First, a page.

The world is on fire all around us. The free market can’t put that fire out — only massive state intervention in the economy can.
President Ronald Reagan meets with Prime Minister Margaret Thatcher of the United Kingdom in the Oval Office of the White House in Washington, DC, on November 16, 1988. (National Archives and Records Administration / Wikimedia Commons)
Mainstream politicians these days are constantly looking for excuses to justify their divergence from market dogma. From the pandemic to the energy crisis, the war in Ukraine and growing inflation, ever-new crises are forcing policymakers to use heavy state intervention, which neoliberals saw as their sworn enemy, to prop up markets.
These interventions are justified as emergency measures necessary to guarantee continued economic operations before a coveted return to market normality — which is, however, always postponed. Just witness the European Central Bank saying in April it would stop purchasing bonds, only to announce a new bond-buying to address ballooning borrowing costs in countries like Italy.
No Going Back to the Old Normal
To date, the state interventionism we have seen coming from both center left and center right over the last decade and more clearly since the explosion of the COVID pandemic has closely followed this logic of facilitating a return to “normal market conditions.” By now, however, it has become apparent that there is no way to go back to the old normal; economic conditions have drastically changed and the premises and expectations that accompanied the era of neoliberal globalization do not offer any credible guidance anymore. Faced with this farcical attempt by the political mainstream to use state interventionism to restore market society and protect wealth, the Left should use this opportunity to reclaim the socialist tradition of progressive state interventionism, as a means to transform society and shift power relations.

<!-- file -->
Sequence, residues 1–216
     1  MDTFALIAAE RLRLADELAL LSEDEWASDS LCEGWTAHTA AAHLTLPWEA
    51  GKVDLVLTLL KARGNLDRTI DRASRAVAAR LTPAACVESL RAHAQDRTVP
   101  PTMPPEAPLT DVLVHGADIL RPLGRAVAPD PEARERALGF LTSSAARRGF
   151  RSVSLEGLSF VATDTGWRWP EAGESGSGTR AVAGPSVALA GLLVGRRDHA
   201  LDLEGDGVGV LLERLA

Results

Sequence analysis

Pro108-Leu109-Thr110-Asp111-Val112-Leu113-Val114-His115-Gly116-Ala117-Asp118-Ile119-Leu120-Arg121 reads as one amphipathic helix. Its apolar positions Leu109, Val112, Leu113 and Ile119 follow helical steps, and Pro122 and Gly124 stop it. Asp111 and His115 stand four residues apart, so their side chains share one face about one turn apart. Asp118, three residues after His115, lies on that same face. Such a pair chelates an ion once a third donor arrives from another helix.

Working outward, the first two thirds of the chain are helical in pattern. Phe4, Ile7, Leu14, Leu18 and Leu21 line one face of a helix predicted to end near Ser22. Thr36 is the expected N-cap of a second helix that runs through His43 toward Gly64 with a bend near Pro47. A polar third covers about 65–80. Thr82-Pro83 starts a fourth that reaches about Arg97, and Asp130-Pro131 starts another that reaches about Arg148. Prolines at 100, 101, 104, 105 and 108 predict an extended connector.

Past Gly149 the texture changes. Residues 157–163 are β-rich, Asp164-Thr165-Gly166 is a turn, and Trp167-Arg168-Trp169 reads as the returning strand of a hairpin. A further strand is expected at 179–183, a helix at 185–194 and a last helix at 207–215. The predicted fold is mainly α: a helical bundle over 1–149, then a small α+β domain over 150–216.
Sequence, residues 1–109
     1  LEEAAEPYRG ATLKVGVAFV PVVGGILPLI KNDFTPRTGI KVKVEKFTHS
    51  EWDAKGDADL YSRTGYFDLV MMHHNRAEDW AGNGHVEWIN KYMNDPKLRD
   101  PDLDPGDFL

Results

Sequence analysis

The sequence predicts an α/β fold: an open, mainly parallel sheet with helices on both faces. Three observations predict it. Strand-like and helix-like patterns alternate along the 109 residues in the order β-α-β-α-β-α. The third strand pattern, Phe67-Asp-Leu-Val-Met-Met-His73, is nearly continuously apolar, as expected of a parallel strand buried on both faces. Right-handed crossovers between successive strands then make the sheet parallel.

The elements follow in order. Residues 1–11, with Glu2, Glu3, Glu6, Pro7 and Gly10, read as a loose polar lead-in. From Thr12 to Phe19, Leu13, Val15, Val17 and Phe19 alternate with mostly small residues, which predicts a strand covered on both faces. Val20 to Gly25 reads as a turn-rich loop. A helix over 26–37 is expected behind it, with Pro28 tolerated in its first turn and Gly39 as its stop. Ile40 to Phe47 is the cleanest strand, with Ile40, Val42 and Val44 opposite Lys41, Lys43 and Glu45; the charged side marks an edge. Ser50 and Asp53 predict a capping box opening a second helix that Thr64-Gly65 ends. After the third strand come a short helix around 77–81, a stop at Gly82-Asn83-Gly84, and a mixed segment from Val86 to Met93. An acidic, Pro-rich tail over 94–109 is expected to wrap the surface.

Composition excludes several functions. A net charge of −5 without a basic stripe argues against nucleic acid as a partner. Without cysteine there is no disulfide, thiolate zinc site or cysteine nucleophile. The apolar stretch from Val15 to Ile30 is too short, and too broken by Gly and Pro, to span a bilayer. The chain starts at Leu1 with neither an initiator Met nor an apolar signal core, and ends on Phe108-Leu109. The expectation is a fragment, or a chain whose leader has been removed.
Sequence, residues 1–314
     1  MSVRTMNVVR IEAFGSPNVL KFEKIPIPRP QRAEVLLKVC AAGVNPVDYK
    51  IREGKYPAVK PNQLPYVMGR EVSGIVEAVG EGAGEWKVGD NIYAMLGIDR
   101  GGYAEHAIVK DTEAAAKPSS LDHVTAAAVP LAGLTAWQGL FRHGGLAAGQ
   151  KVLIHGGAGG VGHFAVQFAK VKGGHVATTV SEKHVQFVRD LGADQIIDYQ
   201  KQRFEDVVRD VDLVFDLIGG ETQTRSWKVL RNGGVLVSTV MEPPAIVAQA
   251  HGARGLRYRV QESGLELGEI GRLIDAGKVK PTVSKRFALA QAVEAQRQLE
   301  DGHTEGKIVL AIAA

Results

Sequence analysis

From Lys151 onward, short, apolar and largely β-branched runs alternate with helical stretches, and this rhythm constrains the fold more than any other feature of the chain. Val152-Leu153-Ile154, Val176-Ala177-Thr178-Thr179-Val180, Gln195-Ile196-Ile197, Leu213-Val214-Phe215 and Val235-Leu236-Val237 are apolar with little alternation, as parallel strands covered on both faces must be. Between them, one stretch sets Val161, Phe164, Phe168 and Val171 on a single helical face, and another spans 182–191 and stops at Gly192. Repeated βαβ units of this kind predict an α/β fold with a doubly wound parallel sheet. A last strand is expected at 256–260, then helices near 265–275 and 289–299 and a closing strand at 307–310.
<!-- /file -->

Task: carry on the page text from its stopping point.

In fact, the proactive use of the state as a means to construct a new society was common to different strands of the Left. It was not just an idea harbored by Leninists who aimed to construct a command economy with state ownership covering virtually every sector but also held in different ways by social democrats, who led the transformation of the old liberal states into welfare states, nationalized strategic firms, and applied indicative planning to reorganize the economy and guide it toward socially desirable ends. The state was understood as a “battlefield of class struggle,” as Nicos Poulantzas famously put it, and the point of the Left was conquering new trenches in the sprawling state apparatus while radically democratizing it.
The Myth of the Weak State
This view of left state interventionism lost part of its allure in the aftermath of the working-class defeat of the 1970s and 1980s, and because of the collapse of the Soviet bloc and the evidence of its economic inefficiency. The neoliberal revolution managed to convince citizens in a globalizing world that state intervention was doomed. Neoliberal politicians like Bill Clinton presented globalization as “the economic equivalent of a force of nature, like wind or water” that it would be stupid to try to reverse, while Barack Obama in 2016 framed it in similar terms as “a fact of nature.” Politics was presented as the management of the necessity of globalization, with economic decisions limited to those acceptable to international investors, with some sections of the moderate and soft left broadly accepting these ideological premises.